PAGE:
Amber Garrett and Dan Clarendon
New York Daily News
Actor Paul Reubens, best known for his character Pee-wee Herman, has died at age 70 after a private battle with cancer.
The comedian himself shared the news Monday in a statement that was posted to his Instagram account Monday. It did not provide a specific cancer diagnosis.
“Please accept my apology for not going public with what I’ve been facing the last six years,” wrote Reubens in the post. “I have always felt a huge amount of love and respect from my friends, fans and supporters. I have loved you all so much and enjoyed making art for you.”
“Paul asked that any expressions of sympathy be made in honor of his late parents, Judy and Milton Rubenfeld, to Stand Up to Cancer or organizations involved in Dementia and Alzheimer’s care, support and research.”
The post was accompanied by a statement from Reubens’ estate: “Last night we said farewell to Paul Reubens, an iconic American actor, comedian, writer and producer whose beloved character Pee-wee Herman delighted generations of children and adults with his positivity, whimsy and belief in the importance of kindness. Paul bravely and privately fought cancer for years with his trademark tenacity and wit. A gifted and prolific talent, he will forever live in the comedy pantheon and in our hearts as a treasured friend and man of remarkable character and generosity of spirit.”
Reubens developed the character of Pee-wee as he honed his comedy chops at Los Angeles improv troupe The Groundlings in the 1970s. The character made its TV debut in several “Dating Game” appearances. He then introduced Pee-wee to audiences in a stage show, the CBS Saturday morning series “Pee-wee’s Playhouse,” and films including 1985′s “Pee-wee’s Big Adventure,” directed by Tim Burton.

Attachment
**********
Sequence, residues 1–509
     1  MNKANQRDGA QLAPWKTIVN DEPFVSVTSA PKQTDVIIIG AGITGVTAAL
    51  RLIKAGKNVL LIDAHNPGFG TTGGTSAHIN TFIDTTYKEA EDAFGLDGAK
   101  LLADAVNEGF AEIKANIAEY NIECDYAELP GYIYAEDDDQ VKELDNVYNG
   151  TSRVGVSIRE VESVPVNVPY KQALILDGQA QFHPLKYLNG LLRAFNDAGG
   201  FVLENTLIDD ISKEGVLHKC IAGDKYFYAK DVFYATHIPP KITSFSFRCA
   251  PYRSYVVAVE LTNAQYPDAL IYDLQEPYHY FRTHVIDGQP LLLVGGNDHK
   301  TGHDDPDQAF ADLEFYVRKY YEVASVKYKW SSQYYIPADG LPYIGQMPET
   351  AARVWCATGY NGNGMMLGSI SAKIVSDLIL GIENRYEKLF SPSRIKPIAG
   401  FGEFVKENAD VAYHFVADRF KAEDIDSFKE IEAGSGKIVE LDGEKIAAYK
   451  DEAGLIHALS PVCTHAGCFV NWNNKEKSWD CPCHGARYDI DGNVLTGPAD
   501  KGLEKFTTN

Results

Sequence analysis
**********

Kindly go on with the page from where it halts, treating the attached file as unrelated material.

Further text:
Off-screen, the actor pleaded no contest to charges of indecent exposure in 1991 after allegedly exposing himself in an adult movie theater. Upon his arrest, CBS pulled his children’s show from the air. But many in Hollywood came to Reubens’ defense, considering the venue where the exposure took place and pointing out that, while Reubens was a star in a children’s show, he was an adult man and entitled to have a private life.
But legal troubles continued to follow Reubens. He later pleaded guilty to a charge of obscenity in 2004 regarding photographs from his erotica collection, according to The Associated Press.
After striking a plea deal in the case, Reubens defended himself, explaining the images in question, which according to the charges included subjects under the age of 18, were part of a vintage photo collection. “You can say that I’m different, that I’m freaky, that I’m weird — you can say lots of stuff about me. But you can’t say I’m a pedophile,” he told Entertainment Weekly in 2004. “That’s just not a part of who I am. I am not a child pornographer.”
In recent years, Reubens starred in the HBO show “Mosaic” and guest-starred on FX’s “What We Do in the Shadows,” The CW’s “DC’s Legends of Tomorrow,” and ABC’s “The Conners.”
In March 2010, he premiered an updated version of his Pee-wee stage show for Broadway at the Stephen Sondheim Theatre. HBO filmed the production and aired “The Pee-wee Herman Show on Broadway” in 2011.
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